Submitted to: Journal of Food Processing and Preservation
Publication Type: Peer Reviewed Journal
Publication Acceptance Date: 2/15/2011
Publication Date: N/A
Citation: N/A Interpretive Summary: Many puffed snack products and some ready-to-eat cereals are made using food processing machines called extruders. The extruder consists of a long, heated barrel with two mixing screws inside that mix and push food materials such as corn meal, cheese whey, or soy proteins through its barrel to a restricted end point where pressure builds and forces the molten food to expand. This study discussed the cost of using a twin screw extruder to create three different products: a whey protein ingredient, snacks enriched with a whey protein-ingredient, and a corn soy blend product used for emergency feeding purposes. We determined that using the twin screw extruder adds about thirty cents ($0.30/kg) per kilogram of product. The largest portion of the costs come from the ingredients, which for whey proteins ranged from $0.67 /kg to $11.63 /kg, and for corn soy blend from $0.45 /kg to $0.55/kg. From this study, we know that a whey ingredient, whey-ingredient enriched snack, or a ready-to-eat corn soy blend can be made at reduced costs using a twin screw extruder.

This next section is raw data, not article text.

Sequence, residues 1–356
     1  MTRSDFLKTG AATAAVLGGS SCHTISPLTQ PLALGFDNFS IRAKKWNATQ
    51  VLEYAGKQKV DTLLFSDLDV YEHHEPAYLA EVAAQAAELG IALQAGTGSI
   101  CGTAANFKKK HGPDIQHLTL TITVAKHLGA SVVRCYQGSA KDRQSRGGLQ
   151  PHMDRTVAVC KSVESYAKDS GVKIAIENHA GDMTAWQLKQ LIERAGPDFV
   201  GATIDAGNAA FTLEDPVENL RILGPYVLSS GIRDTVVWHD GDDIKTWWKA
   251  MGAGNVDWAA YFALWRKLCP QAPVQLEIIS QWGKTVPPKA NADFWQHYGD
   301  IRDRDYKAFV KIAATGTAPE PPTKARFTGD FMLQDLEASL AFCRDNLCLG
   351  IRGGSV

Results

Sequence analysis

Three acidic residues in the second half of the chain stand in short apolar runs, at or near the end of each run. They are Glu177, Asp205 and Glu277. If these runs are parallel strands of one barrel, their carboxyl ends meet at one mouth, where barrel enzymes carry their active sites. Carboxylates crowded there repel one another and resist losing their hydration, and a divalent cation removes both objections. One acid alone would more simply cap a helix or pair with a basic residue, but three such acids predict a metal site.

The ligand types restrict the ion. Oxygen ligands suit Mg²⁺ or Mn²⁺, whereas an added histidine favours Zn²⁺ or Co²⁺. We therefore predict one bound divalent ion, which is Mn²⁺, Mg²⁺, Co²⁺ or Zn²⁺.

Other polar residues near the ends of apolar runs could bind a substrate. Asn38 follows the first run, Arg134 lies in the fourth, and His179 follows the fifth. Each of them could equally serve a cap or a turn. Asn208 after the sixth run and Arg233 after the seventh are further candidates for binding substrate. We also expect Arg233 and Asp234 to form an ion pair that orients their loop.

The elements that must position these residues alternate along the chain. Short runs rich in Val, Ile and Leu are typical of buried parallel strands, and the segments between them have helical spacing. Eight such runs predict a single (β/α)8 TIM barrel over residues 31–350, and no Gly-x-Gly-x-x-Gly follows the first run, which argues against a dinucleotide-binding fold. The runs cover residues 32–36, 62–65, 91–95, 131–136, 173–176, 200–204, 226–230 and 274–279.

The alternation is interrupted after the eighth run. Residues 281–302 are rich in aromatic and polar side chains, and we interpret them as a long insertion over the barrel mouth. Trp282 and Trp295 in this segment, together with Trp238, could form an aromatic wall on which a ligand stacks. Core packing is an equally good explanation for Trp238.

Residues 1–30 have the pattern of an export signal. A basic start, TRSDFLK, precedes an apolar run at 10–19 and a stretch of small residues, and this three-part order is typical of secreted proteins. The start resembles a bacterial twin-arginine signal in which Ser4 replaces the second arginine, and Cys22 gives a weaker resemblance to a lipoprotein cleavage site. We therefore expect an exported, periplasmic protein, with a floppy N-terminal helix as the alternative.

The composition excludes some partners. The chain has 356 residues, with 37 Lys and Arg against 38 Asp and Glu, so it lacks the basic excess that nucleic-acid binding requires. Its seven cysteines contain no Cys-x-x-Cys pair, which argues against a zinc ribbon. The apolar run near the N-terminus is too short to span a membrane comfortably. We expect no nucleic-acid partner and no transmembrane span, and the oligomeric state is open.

Technical Abstract: The operating costs associated with twin screw extrusion cooking of various foods are fixed for a given size and production capacity for any class of products; the greater percentage of costs arise from the choice of ingredients and the product end use. For example, extruder texturized whey proteins (TWP) is a new class of ingredients with expanded functionality and range of applications such as in protein-enriched snacks. The cost to produce twin-screw extruder texturized whey proteins was estimated to range from $0.67/kg to $11.63/kg depending on the protein concentration of the whey and the other ingredients. Texturizing whey protein is advantageous because it expands the range of its functionality, compatibility, and interactions with other food ingredients more than the ordinary spray dried whey protein powder. Extrusion cooking was also applied to a type of raw product purchased by the U.S. government for emergency feeding overseas under the Food-for Peace program (P.L. 480 Title II program). The food, a mixture of corn, soy protein concentrate, and soybean oil, and minerals blend (Corn-Soy Blend, CSB) could be produced from $0.45 to $0.55/kg. Overall, extrusion cooking of texturized whey proteins or corn soy blended added only $0.02/kg of product.